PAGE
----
Therapist and author Brandy Lidbeck recently wrote that grief is never really “gotten over,” that it becomes a person’s “new normal.” She also states the feelings associated with grief often re-emerge during important milestones and the anniversary of the person’s death. In my experience, both of these things are true. As I write this, I am coming up on the fifth anniversary of my mother’s death from a terminal illness. There’s something about not having her in my life for half a decade that makes this anniversary more significant and possibly triggering to me.
When I first heard the term “grief,” I thought it only applied to death. But I believe grief can mean the feelings one experiences whenever they go through any form of significant loss. With that definition in mind, I feel I’ve been grieving the absence of my mother since well before she passed. My mother had bipolar disorder, and as a young child I was often present when she was symptomatic. I saw her risk-taking behaviors when she was manic and her hopelessness when she was depressive. She struggled so much at times it seemed hard for her to be what I needed — attentive, responsive, consistent.
Unfortunately, due to the stigma surrounding mental illness and my age, it was hard for me to make sense of these behaviors. When my mother was feeling well, she was a great mother, but the things she did/said while symptomatic left me feeling anxious and abandoned. Looking back, I believe I was experiencing grief — I was in denial over how much control she had over her illness, and I was angry and sad this illness prevented her from being the mother I felt I needed. It took me years to finally somewhat accept my mother was doing the best she could.
And then in 2010, I learned she was ill, and for the next year I was powerless as I watched her refuse treatment and slowly deteriorate. It was like when I first started to become aware of her mental illness, like I was seeing her slowly slip away from me. My thoughts were, “I just got in a good place with her. I just started building a relationship with her, and now she’s being taken away from me again.” My feelings during her last year were a mixture of numbed denial so I could have the strength to continue to visit her in hospice, anger that she wasn’t adhering to treatment — which echoed the anger I felt in my youth when she stopped taking her mood stabilizers — and anger at myself for not spending time with her when I had a chance.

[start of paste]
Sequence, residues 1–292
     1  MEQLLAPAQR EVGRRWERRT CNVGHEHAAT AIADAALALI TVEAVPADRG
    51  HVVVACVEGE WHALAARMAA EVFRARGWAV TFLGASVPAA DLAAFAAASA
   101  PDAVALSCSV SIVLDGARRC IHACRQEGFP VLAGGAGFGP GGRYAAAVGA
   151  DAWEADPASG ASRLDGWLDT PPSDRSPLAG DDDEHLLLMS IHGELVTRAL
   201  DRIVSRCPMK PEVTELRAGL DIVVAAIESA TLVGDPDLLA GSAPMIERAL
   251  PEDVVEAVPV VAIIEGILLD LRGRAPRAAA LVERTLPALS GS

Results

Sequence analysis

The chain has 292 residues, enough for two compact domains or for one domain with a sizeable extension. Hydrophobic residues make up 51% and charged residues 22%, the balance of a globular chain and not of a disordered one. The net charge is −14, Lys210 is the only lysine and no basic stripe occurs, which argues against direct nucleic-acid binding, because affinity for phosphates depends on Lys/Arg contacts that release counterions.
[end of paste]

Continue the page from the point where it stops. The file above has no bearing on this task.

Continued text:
Lately, whenever I think about her, I feel a muted sadness. I’m sad she was unable to see me get married. I’m sad she was unable to meet her granddaughter. I’m sad we didn’t have more time and that she had to leave when there was still unfinished business between us. I currently cope with these feelings by making sure I honor her memory. I show my daughter pictures so she knows who her Nana is. I light a candle for her during All Souls Day services at my church. My career is actually inspired by her — I used art to cope when I was coming to terms with the impact of her mental illness on my family and myself, and I developed a passion for psychology in order to better understand her. This led to my decision to work on becoming a school counselor, a licensed professional counselor and an art therapist.
The death of someone in your life can be complex and hard. But honoring their memory and finding purpose in the situation, I’ve found, can help one cope and adjust, allowing these changes to become part of the “new normal.”
Image via Thinkstock.
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